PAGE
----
I'm Nittai Malchin, a senior at Palo Alto High School in CA and the founder of One Love Advocates. Our mission is to do whatever possible to improve access to education in communities that are struggling with destructive or endemic problems. My immediate focus is helping kids in Haiti gain access to educational opportunities. I recently traveled to Haiti, and I will be documenting my trip on this site. There are 4 sections (see navigation above) to my mini site: (1) my blog where i document my activities, impressions and thoughts from Haiti (2) About One Love where you can read more about the initiative (3) Support One Love where you can learn how to get involved, donate or help (4) contact info. And on the right sidebar you will find more info such as links to other sites, feeds, photos, videos, and ways to contact me or share One Love with others. Also, check out the cool toolbar on the bottom of your screen to see our videos, photos, and Facebook page, for translations, and more. Thank you for visiting and feel free to share your thoughts.

Friday, April 16, 2010

Healthy Curiosity in a Not So Healthy Country

Hey everybody, sorry about the delay – I had a minor issue with uploading some of the photographs onto the website. Anyway, I’m here with an update for you with one of our visits to a tent-school inside one of the tent cities.

During our visit to all of the places we went, not only schools, the local people spent a fair amount of time simply staring at us. This was not a sign of rudeness or intimidation, but rather curiosity. My braces for example were a big wonder. Kids constantly stared at my mouth, sometimes pointing and asking, at other times smiling shyly. Many Haitians, before the earthquake, rarely encountered white people – and if they did see them, they had minimal to no interaction with that person. So whenever we walked around, we became a common attraction to observe.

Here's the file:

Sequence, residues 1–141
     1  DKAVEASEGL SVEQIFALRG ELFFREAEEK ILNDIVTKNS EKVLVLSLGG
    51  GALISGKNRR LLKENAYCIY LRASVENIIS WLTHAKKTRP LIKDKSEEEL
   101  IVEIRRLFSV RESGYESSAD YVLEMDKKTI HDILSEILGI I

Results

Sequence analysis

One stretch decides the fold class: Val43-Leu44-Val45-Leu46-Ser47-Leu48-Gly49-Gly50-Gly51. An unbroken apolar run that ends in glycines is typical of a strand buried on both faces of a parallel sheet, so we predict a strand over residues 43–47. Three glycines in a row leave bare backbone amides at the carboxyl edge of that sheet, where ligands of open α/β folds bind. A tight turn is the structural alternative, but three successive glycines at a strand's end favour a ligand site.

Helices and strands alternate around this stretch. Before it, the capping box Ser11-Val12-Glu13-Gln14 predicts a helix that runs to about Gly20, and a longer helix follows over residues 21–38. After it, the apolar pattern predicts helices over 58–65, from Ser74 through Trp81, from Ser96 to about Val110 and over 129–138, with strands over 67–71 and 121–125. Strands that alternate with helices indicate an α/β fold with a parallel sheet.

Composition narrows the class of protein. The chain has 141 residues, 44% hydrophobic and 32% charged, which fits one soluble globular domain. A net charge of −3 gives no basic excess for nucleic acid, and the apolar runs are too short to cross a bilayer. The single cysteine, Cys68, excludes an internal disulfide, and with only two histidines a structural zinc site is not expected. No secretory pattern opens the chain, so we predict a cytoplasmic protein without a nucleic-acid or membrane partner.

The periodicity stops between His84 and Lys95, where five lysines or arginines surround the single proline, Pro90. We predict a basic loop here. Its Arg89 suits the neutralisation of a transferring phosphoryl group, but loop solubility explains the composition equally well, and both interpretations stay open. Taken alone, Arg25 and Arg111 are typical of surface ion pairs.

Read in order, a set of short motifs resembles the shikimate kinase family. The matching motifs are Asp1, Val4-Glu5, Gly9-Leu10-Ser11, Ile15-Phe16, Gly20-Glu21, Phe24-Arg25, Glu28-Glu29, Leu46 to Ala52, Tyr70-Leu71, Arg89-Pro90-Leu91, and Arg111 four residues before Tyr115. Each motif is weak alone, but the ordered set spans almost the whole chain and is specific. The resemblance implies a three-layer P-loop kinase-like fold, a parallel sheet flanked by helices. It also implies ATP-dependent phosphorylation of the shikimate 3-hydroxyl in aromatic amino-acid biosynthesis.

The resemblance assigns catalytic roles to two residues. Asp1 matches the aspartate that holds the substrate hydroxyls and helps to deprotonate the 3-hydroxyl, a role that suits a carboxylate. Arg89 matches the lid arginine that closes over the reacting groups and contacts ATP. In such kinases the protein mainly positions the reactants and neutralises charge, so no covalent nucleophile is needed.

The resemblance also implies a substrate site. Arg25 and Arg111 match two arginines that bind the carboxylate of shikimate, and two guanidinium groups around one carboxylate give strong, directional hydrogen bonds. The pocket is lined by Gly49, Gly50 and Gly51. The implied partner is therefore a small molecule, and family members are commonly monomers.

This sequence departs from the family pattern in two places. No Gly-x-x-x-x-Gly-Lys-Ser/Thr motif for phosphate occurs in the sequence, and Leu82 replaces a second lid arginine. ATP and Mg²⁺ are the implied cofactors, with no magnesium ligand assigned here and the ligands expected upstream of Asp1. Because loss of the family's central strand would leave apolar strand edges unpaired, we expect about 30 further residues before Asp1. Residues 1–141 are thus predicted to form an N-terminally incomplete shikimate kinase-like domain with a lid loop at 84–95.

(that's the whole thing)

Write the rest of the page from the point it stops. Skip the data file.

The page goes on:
This was even more evident during our working trips to schools in tent cities, during which we had direct interaction with the students. On one of our visits to a school, after we talked with the kids (11 year olds) for several minutes and became comfortable with them, they began to get a feel for us – literally. My Dad has long, blonde, and fairly straight hair – something that is virtually nonexistent in their culture. The kids, especially one girl by the name of Shidna, were fascinated with this trait of his, and began stroking his hair. More and more kids joined in, and eventually, something like ten kids were all playing with my Dad’s hair. At the same time, the other kids who couldn’t reach, such as Solomon, Wishiski, Christina, and more (more to come on those kids in the next few days), began feeling either my arms or my Dad’s arms in order to feel our differently-colored skin.

Although a bit weird at first, it was fun to allow the kids to quench their curiosity by simply being there. Considering how rare it is for the Haitian people, let alone the children, to see people different than themselves, it is only expected for them to be so eager to experience the differences for themselves. This trait, although it may seem trivial in this situation, is a tremendously important trait to have, as curiosity is the fuel of education. Without a passion and a want to learn more, it will be impossible for Haiti to slowly dig itself out of its current situation and into a brighter future. It is my hope that this aspect of the Haitian people will successfully utilize their curiosity in their education.

More to come (new videos!) in the next post!

One Love.

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